Louis Van Gaal disagreement 

On May 19, 2014, Louis Van Gaal replaced David Moyes as head coach at Man United and signed a three-year contract. With Man United, he managed to win an FA Cup trophy but was sensationally sacked just two days after. Van Gaal blamed Woodward for his sack and branded him an “evil genius”.

“I blame Ed Woodward, my CEO at Manchester United, much more than Mourinho,”. “In my view, Woodward is the evil genius. It took a long time and he actually gave Manchester United the opportunity to make an offer,” said the Dutchman.

The former Man United boss has been vocal about his sacking and Woodward ever since. “At Manchester United, on the other hand, Ed Woodward was installed as CEO – somebody with zero understanding of football who was previously an investment banker. It cannot be a good thing when a club is run solely from a commercially-driven perspective,” Van Gaal told the Mirror in May 2020.

Woodward replaced Louis Van Gaal with Jose Mourinho in 2016 [Courtesy]

Heated exchange with Sir Alex Ferguson

In a game against Sheffield United in November 2019, Woodward and Ferguson appeared to be in a heated war of words in the stands, an exchange whose details never emerged. It was reported that Ferguson and Woodward disagreed on several issues. Publications in the UK claimed the ex-Man United boss was upset by the CEO’s endorsement of Leicester City’s former recruitment chief Steve Walsh for a consultancy role at the club.

Super League attempts

The last thought of Woodward in the minds of Man United fans will be the club’s attempts towards joining the European Super League. Woodward and Juventus CEO Andrea Agnelli on Monday, April 19 shockingly stepped down from their roles in the European Club Association, as all kinds of speculation surrounded the club following Super League news.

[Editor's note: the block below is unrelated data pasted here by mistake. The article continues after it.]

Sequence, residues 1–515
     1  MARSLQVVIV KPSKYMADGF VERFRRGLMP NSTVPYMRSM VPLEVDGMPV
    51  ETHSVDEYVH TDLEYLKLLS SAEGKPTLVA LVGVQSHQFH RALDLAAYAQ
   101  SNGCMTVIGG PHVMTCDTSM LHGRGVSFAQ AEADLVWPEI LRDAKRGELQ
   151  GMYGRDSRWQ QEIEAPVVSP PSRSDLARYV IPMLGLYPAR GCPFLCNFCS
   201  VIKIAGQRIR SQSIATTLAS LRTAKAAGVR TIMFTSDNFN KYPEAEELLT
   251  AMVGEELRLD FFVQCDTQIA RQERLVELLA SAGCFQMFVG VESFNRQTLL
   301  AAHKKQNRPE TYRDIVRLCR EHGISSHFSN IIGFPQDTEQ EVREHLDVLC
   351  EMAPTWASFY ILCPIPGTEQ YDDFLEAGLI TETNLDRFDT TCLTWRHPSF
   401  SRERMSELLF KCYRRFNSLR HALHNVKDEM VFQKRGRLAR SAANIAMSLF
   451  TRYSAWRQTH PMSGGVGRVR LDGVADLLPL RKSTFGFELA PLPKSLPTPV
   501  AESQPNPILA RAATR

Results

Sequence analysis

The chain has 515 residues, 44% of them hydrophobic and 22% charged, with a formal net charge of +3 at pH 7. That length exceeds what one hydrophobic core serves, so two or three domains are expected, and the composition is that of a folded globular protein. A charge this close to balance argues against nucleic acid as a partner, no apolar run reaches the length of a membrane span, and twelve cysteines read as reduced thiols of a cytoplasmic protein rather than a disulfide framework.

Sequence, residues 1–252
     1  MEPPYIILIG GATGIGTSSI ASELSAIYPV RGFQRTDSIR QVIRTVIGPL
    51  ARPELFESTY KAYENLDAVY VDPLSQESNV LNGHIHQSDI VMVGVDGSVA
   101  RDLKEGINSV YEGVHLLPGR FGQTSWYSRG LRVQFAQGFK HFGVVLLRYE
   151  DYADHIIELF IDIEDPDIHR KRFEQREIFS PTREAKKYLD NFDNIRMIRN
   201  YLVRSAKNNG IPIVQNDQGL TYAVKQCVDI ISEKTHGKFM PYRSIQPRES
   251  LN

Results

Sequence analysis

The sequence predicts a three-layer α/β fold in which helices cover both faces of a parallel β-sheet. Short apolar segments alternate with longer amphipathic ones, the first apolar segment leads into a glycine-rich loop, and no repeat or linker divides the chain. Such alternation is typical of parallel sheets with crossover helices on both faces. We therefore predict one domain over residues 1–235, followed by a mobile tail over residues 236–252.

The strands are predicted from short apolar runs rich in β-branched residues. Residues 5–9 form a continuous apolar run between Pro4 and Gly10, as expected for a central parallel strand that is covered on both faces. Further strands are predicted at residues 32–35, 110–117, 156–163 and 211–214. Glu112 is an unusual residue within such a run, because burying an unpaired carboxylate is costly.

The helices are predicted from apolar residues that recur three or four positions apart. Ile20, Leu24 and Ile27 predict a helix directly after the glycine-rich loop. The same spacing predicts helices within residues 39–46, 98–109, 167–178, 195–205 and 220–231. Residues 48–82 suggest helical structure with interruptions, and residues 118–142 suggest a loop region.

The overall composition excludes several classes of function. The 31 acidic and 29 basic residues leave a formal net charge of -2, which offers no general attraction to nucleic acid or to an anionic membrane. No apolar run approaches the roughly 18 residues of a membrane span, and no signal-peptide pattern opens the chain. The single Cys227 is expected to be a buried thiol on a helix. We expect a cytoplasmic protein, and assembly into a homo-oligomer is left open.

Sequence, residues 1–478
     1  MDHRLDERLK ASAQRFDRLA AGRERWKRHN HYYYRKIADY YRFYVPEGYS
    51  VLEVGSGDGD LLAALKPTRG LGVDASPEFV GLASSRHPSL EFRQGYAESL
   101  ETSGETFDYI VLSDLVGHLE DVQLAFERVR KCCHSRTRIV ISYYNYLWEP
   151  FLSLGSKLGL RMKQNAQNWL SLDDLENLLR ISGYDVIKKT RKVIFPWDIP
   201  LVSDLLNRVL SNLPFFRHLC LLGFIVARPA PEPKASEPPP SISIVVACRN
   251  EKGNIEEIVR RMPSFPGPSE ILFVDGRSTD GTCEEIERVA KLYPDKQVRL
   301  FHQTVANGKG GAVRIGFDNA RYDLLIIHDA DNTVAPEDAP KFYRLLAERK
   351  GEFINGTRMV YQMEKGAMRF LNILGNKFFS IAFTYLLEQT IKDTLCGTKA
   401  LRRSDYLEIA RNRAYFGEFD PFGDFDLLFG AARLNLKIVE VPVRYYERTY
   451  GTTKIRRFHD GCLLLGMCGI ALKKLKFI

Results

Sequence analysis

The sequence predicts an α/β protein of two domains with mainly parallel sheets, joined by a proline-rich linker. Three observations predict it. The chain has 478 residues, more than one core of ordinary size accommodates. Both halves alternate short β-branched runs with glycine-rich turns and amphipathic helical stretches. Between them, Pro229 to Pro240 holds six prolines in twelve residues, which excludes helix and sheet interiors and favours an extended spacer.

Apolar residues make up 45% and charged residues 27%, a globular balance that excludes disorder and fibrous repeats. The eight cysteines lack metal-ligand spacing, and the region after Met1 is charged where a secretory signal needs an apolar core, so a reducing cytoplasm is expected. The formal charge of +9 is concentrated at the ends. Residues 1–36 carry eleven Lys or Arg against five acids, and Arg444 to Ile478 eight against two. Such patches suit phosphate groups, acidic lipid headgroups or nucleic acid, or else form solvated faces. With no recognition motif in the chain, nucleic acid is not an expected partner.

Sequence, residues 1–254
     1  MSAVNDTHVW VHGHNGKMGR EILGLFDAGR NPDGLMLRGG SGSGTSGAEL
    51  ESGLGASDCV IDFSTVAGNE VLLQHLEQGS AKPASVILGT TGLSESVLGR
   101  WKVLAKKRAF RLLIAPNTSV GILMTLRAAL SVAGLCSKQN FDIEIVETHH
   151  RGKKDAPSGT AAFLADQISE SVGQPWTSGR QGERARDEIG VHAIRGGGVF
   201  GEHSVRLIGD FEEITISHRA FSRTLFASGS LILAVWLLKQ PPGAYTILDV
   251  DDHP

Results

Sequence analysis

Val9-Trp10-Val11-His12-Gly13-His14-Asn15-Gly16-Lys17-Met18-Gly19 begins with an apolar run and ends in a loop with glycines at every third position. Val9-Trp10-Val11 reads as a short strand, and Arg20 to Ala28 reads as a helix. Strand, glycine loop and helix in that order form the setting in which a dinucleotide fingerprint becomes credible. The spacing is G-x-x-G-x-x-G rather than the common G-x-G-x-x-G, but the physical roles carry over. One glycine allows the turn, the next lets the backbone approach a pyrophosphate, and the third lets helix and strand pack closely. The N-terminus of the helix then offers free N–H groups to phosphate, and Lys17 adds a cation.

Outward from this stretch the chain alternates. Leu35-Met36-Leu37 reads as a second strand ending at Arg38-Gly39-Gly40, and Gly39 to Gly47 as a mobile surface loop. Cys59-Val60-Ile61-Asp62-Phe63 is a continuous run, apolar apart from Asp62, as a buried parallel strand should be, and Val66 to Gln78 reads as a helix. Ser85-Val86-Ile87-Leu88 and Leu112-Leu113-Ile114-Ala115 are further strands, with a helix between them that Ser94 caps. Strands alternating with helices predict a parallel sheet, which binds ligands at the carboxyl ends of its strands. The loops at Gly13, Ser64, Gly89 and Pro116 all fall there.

A day later, after news of English clubs pulling out emerged, Woodward resigned as Man United vice-chair, announcing he will no longer be at the club after the end of 2021.

Final message: Here is Woodward’s final message to Man United fans after his resignation:

“I am extremely proud to have served United and it has been an honour to work for the world’s greatest football club for the past 16 years. The club is well-positioned for the future and it will be difficult to walk away at the end of the year.

I will treasure the memories from my time at Old Trafford, during a period when we won the Europa League, the FA Cup and the EFL Cup. I am proud of the regeneration of the club’s culture and our return to the Manchester United way of playing.

We have invested more than £1bn in the squad during my time here and I am particularly delighted with the progress the players have made under the astute leadership of Ole Gunnar Solskjaer and his coaching team in the last two years.

I am sure that with the changes we have made on-field and to the coaching and football staff in recent years this great club will soon be lifting silverware again. It deserves to “